But with my scenes in ‘Buzz Kill,’ no, it helped. It was hand-held, it was fast and in a real place. It wasn’t on a sound stage. So it didn’t affect what we were doing. I think it helped not having a lot of people and money around, and suits. That’s another thing that money brings. (laughs) It’s like, the suits are here, everybody be good. (laughs) We didn’t have enough money to have suits around, I guess that’s the upside. (laughs)

SY: How did shooting ‘Buzz Kill’ compare and contrast to the bigger comedies you’ve appeared in, including ‘Home Alone’ and ‘Pretty Woman?’

LH: Well, I can’t complain. In ‘Home Alone,’ which was a huge budget movie, they treated me well, because they had money. There were no worries. The director (Chris Columbus) had a track record, everybody had track records. They used it well, and they were intelligent, good people.

They had a lot of money, and they spent it well. Not all on me, but here was a situation where it was big money, and there were suits there. But they were making a movie, and I went and did my part. Everyone was intelligent, and used their time and their money and their talents well. That’s all you could ask for. In that particular instance, it didn’t affect my performance. It kind of helped, because there was a lot of help around.

There was a joke I was trying to tell, and I had to eat like 72 doughnuts. (laughs) In ‘Home Alone,’ I eat a doughnut. They shot it every time I was in the shot. For some reason, I always had to eat the doughnut. There was a lot of rehearsal, and a lot of let’s get it perfect. That’s another thing that money does. It allows you to get the perfect shot, which is not a good thing.

They didn’t shot it 72 times, but they did shoot it like 10 times, my scene, that particular shot. The reason was there were technical difficulties. It wasn’t a waste of time or money or talent. A technical thing happened, or someone forgot their line, the usual.

But in a low budget, you shoot it once or twice, and you move on, that’s it. I had to eat the doughnut as many times as they shot it. (laughs) So that was a result of money (laughs), on that particular shot.

I have seen ways where money was wasted. You go, I wish all these people would go home, because it wasn’t being used well, the budget. You go, you could do that with hand-held and a couple of people. On the other hand, I’ve seen it very difficult when people don’t have enough money. They were very sincere, and they try to get the shots, and they did. But they didn’t have enough money, and it was hard.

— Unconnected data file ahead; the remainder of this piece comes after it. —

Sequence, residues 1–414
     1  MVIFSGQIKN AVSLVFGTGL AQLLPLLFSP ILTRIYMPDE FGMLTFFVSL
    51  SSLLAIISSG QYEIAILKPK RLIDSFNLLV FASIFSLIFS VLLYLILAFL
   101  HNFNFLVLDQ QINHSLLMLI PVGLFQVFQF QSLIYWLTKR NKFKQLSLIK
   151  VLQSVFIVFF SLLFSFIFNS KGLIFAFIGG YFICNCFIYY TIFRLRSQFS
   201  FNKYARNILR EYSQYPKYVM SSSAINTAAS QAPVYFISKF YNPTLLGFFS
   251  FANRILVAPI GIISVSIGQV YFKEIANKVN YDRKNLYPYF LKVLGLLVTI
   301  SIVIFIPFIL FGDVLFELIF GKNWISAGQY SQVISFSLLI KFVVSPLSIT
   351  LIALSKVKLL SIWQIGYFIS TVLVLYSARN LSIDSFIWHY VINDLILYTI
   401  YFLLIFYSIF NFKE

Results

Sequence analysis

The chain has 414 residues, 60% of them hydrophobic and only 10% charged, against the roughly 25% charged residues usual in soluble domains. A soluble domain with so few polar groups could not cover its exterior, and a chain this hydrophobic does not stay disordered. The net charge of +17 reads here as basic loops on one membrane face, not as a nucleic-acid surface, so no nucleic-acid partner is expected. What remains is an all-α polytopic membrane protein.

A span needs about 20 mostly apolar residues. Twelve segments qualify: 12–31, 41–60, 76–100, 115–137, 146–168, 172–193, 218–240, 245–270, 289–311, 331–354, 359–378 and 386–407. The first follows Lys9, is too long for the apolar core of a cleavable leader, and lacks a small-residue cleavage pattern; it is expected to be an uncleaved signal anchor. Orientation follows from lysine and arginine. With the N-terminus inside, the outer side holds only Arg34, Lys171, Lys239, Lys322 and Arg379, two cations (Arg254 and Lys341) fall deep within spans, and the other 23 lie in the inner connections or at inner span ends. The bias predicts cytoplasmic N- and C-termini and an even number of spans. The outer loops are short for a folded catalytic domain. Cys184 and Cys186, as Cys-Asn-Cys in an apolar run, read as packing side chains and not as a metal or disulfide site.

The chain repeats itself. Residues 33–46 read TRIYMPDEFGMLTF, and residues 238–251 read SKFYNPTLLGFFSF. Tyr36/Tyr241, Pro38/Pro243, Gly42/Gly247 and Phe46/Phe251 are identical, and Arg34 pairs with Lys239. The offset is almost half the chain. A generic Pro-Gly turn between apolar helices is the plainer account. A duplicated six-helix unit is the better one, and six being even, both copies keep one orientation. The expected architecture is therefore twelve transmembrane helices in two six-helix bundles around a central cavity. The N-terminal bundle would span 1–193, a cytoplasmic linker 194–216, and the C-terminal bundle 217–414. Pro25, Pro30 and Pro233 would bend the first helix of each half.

But you muddle through, and it’s amazing what crews can do. Crews are amazing, I’ve got to say that right up front. They’re the most amazing people on any set. They just come up with answers to technical problems.

SY: Besides films, you have also guest starred on such shows as ‘CSI: Crime Scene Investigation’ and ‘Monk.’ Do you have a preference of appearing in films over television, or vice versa?

LH: Only in the long run. They’re kind of all the same, you memorize your lines, you do your part, you do your homework. You go, there’s a camera, you film it. There’s a director there, it’s all kind of the same. Nowadays, television series are shot outdoors, where you don’t even have that as a specialty for movies anymore.

Movies, you do one or two or three a year. If you’re in a series, you work everyday for a season, and television is 9-to-5. Movies are like 5:30 in the morning until you either lose the light or do a night shoot. I mean, movies just go on until you get it. Television is 9-to-5, where you can drive to work. Movies, you have to fly, and it’s out of town and hotels.

But once you get on the set, it’s about three cameras. But for me personally, it’s just different, it’s not better or worse, just different. It kind of mixes it up, for me it’s kind of cool.

SY: Are there any details you can share about any upcoming projects you’re working on?

LH: Yeah, I’m writing a movie for myself, I want to start writing, and acting in, my own movies. On YouTube, I have ‘The Outlaw Emmett Deemus,’ which I want to make into a feature. I’m raising the money now. We’re going to film it maybe in March or April. But you can see the film shorts where the idea came from on YouTube. I think there’s two of them. The last one is ‘The Outlaw Emmet Deemus-Willy Jones.’ That’s pretty much what I’m doing, and I think next year, I’m going to do a college tour, and tell stories (laughs).

Written by: Karen Benardello

Buzz Kill

By Karen Benardello

As a graduate of LIU Post with a B.F.A in Journalism, Print and Electronic, Karen Benardello serves as ShockYa's Senior Movies & Television Editor. Her duties include interviewing filmmakers and musicians, and scribing movie, television and music reviews and news articles. As a New York City-area based journalist, she's a member of the guilds, New York Film Critics Online and the Women Film Critics Circle.